If he weren’t operating the farm, it would more than likely be row-cropped fencerow to fencerow. “Glen is making good use of the land,” says Duncan. “Using cover crops, crop rotations, mixed with vegetable production fits well here. The land’s resources are being protected by the way he’s farming it.”

More than 20 conservation practices are available to farmers through the EQIP Organic Initiative. Elsbernd rotates crops and uses cover crops to help control erosion, return organic matter to the soil, and improve and maintain soil tilth. “Cover crops help build up organic matter in the soil,” he notes. “And cover crops provide the nutrients I need since commercial fertilizer is prohibited.”

Elsbernd uses compost from his father’s dairy farm and fish emulsion for fertilizer. He’s interseeding alfalfa into a four-seed mix of triticale, hairy vetch, oats and a grass mix. Triticale is a cereal rye and winter wheat cross that’s easy to establish. It controls erosion effectively and suppresses weeds. “When I plant triticale I also add hairy vetch to provide nitrogen,” he says. “I’ve seen very good results with this cover crop.”

For early spring produce, Elsbernd plants an Austrian winter pea and oat cover crop. “Austrian peas are winter hardy, but easy to kill off in the spring,” he says. “I’ll go with triticale and rye for summer to build up nitrogen in the soil.”

For more information about the EQIP Organic Initiative, contact the NRCS office at your county’s USDA Service Center, or visit www.nrcs.usda.gov/programs/
eqip/organic/index.html
.

Johnson is a public affairs specialist for USDA-NRCS in Iowa. This is the second in a series of five articles featuring farmers who have taken advantage of USDA’s EQIP Organic Initiative in Iowa.

High tunnels

This fall Glen Elsbernd plans to install a seasonal high tunnel for crops through the EQIP Organic Initiative. High tunnels, or hoop houses, are polyethylene-covered structures that extend the season by providing more favorable conditions for vegetable and other specialty crops.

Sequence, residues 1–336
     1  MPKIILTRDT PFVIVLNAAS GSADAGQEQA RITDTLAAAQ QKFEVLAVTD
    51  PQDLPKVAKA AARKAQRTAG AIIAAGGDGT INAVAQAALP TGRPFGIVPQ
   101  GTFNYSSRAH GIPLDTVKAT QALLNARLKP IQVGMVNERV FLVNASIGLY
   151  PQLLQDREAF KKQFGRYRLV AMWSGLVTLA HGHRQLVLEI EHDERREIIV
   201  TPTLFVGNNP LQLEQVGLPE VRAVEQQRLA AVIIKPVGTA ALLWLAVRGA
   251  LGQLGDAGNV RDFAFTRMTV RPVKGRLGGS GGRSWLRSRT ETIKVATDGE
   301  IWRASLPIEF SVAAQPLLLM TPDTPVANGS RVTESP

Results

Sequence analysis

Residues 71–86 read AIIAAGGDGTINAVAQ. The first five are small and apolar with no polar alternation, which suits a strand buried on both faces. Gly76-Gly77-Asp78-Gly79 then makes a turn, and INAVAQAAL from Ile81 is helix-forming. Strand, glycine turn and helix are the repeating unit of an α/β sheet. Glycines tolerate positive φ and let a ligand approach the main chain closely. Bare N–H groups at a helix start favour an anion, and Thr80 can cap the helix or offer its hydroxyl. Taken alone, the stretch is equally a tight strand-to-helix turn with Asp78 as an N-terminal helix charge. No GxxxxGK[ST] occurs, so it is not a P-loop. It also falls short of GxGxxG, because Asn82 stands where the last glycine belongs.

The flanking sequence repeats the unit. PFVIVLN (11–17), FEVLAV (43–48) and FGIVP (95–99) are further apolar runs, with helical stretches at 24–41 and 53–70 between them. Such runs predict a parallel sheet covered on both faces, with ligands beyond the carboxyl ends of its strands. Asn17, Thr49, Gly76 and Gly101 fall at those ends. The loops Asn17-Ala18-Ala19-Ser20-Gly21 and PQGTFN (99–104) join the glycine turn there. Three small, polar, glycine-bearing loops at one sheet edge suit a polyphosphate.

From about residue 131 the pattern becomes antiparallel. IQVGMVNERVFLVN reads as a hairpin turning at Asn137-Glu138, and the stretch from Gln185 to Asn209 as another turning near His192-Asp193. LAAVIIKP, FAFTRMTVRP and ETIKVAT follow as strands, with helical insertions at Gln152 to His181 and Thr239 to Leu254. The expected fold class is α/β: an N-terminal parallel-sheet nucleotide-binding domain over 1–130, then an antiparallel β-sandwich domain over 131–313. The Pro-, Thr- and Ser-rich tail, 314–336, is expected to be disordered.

High tunnels benefit natural resources by improving plant, soil and water quality by reducing pesticide use and keeping vital nutrients in the soil. Through the EQIP Organic Initiative, NRCS will fund a high tunnel per farm.

High tunnels are used year-round in parts of the country, providing steady incomes to farmers — a significant advantage to small, limited-resource farmers and organic producers. These structures shouldn’t exceed a 30-foot width, and should be at least 6-feet tall to allow cultivation, harvesting and other farming operations.

Elsbernd is planning a 30-by-72-foot high tunnel. “It’ll help me get an early start on the growing season and a higher-quality crop. The high tunnel will give me a head start on the competition,” he adds. “It will also allow me to diversify. I’ve considered growing some berries or cherries. A high tunnel works great for keeping rain off fruit when it ripens, allowing for a longer shelf life.”


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COVER CROPS: Todd Duncan (left) and Glen Elsbernd examine a cover crop stand of triticale, alfalfa, hairy vetch, oats and grass, which helps protect against soil erosion and improve the amount of nutrients in the soil.

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spud student: Glen Elsbernd began growing potatoes and other vegetables in high school while working at Ladybug Landscapes in Decorah. “I planted bedding plants and sold them to my teachers,” he says.

This article published in the September, 2010 edition of WALLACES FARMER.

All rights reserved. Copyright Farm Progress Cos. 2010.